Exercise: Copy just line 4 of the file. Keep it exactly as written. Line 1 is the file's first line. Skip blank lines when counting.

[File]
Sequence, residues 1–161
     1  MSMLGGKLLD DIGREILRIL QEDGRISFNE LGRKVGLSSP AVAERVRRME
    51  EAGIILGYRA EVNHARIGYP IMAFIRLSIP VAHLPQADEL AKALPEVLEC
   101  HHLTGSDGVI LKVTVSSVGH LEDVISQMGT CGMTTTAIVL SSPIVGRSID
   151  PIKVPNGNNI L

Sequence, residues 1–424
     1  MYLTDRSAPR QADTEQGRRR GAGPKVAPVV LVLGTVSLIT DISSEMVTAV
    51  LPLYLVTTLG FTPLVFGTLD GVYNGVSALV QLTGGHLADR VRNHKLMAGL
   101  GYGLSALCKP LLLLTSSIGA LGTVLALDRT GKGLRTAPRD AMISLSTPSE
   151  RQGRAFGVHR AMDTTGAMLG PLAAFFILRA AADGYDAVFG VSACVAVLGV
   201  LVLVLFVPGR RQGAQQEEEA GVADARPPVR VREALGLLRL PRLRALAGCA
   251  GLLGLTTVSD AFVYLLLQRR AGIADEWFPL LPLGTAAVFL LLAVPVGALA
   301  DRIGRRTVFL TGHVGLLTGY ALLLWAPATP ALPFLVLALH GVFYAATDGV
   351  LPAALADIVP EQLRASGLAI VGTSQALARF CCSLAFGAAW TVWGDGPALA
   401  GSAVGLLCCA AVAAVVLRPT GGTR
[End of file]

   101  HHLTGSDGVI LKVTVSSVGH LEDVISQMGT CGMTTTAIVL SSPIVGRSID